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Nail Gun Injuries and Unguarded Shafts

Jun 30th 2021

Nail Gun Injuries and Unguarded Shafts

Man shot in the heart with a nail gun, lucky to be alive. 

A worker has been given $15,000 after a colleague accidentally shot him in the heart with a nail gun at a mattress and bed manufacturer based in South Auckland.

In September 2019, a worker went to free a coil hose that connected his nail gun to the air supply line when the trigger was engaged, firing a nail into the chest of the worker who was walking behind him. The man could not return to work for three months, as the nail had to be surgically removed.

WorkSafe New Zealand area manager Danielle Henry said, 'There was a real risk that other workers could come into contact with an operator's nail gun, and that's exactly what happened, clear exclusion zones should've been marked out around work-stations where nail guns were in use.'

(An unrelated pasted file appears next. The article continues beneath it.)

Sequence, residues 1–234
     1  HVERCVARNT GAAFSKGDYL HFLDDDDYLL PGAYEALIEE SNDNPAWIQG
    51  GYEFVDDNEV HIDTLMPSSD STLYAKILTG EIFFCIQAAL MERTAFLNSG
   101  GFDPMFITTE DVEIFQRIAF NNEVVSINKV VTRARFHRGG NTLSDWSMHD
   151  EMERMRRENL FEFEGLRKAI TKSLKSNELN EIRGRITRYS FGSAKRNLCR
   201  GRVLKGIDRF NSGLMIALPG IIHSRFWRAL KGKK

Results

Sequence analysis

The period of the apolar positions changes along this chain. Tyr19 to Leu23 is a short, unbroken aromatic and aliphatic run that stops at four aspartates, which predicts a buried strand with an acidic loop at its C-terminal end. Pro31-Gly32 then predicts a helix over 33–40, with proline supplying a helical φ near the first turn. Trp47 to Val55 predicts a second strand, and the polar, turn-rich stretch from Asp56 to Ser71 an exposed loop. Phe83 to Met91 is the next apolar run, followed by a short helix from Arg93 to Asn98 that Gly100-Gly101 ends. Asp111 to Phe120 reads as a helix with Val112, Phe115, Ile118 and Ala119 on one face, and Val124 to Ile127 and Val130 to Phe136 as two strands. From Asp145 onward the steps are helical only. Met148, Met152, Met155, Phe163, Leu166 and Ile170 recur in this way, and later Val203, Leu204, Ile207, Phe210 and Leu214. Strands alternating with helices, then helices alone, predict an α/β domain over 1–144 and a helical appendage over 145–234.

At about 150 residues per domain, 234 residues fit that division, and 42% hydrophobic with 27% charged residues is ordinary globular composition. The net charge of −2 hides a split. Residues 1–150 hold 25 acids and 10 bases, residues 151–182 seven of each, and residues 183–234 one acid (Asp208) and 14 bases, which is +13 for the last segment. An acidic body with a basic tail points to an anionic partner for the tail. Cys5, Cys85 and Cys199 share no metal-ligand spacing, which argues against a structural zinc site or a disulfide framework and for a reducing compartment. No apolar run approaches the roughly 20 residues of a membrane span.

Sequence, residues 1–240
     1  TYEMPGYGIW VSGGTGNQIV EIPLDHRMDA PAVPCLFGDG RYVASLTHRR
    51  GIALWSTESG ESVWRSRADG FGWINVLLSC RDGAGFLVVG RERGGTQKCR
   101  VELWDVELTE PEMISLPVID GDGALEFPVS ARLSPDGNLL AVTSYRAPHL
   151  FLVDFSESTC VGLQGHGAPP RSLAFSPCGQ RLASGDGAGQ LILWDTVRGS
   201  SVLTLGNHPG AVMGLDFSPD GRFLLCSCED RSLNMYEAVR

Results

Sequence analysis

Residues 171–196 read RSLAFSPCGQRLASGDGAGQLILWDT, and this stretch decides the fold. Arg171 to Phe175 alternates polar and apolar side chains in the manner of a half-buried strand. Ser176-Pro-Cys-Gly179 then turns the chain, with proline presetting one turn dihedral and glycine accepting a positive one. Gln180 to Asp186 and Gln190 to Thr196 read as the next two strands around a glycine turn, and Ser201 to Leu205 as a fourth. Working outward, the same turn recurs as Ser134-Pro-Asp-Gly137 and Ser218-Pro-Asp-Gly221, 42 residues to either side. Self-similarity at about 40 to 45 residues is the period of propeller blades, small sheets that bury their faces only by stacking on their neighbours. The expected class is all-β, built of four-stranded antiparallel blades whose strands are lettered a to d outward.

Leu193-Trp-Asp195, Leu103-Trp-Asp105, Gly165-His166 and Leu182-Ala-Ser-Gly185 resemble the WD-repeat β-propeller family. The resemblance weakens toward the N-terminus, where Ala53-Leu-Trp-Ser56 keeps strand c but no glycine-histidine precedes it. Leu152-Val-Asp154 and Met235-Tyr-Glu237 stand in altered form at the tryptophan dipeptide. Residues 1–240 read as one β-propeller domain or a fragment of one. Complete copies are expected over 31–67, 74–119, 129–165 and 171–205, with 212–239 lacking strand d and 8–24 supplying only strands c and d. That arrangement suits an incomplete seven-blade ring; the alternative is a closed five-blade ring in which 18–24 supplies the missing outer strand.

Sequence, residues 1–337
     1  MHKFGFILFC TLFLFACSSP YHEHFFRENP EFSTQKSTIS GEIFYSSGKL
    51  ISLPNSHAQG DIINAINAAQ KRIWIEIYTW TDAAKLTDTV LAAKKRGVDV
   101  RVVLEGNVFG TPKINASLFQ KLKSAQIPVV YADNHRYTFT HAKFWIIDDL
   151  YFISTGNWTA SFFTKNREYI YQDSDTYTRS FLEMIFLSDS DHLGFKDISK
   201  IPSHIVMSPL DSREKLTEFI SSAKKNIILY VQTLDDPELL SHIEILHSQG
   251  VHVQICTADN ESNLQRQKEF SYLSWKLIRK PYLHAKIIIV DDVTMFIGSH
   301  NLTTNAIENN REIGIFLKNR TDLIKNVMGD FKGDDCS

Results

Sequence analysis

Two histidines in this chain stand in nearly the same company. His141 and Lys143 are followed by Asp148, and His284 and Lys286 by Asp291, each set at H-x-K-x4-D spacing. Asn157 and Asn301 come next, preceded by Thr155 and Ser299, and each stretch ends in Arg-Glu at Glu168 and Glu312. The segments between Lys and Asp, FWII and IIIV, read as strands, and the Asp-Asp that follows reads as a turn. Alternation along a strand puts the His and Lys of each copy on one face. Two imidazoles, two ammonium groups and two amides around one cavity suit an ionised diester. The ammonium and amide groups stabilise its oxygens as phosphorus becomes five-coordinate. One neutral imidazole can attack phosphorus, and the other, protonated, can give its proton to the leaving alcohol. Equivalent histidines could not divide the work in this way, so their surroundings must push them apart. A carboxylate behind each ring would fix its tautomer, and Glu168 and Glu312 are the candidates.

The importance of adequate risk assessments and exclusion zones is what WorkSafe NZ wants businesses to remember, especially when powered tools are being used.

The manufacturing company appeared in the Manukau District Court on March 29 and was issued a NZ$250,000 fine and ordered to pay reparation of NZ$15,000 to the victim.

The original article can be found on the WorkSafe NZ website.

Timber mill fined $50,000 following the death of a worker. 

In May 2018, a worker dragged into the unguarded shaft of a conveyor belt and pinned against a metal upright when removing rejected timber from a moulding machine. He died at the scene after suffering multiple injuries.

The labour hire employee had commenced work at the timber mill in February 2018. The agency was unaware that the worker was moved into a new role in a different factory section before the incident.

WorkSafe Executive Director of Health and Safety Julie Nielsen said the labour hire company should have done more.

'This includes making sure the host does not give their employees new or different tasks, especially tasks unrelated to their experience and qualifications.' Ms Nielsen said.

The recruitment agency pleaded guilty in the Wangaratta Magistrates Court to a single charge of failing to provide and maintain a safe work system and ordered to pay $10,438.

The timber mill operator is also facing charges over the incident.

The full article can be found on the WorkSafe Vic website.

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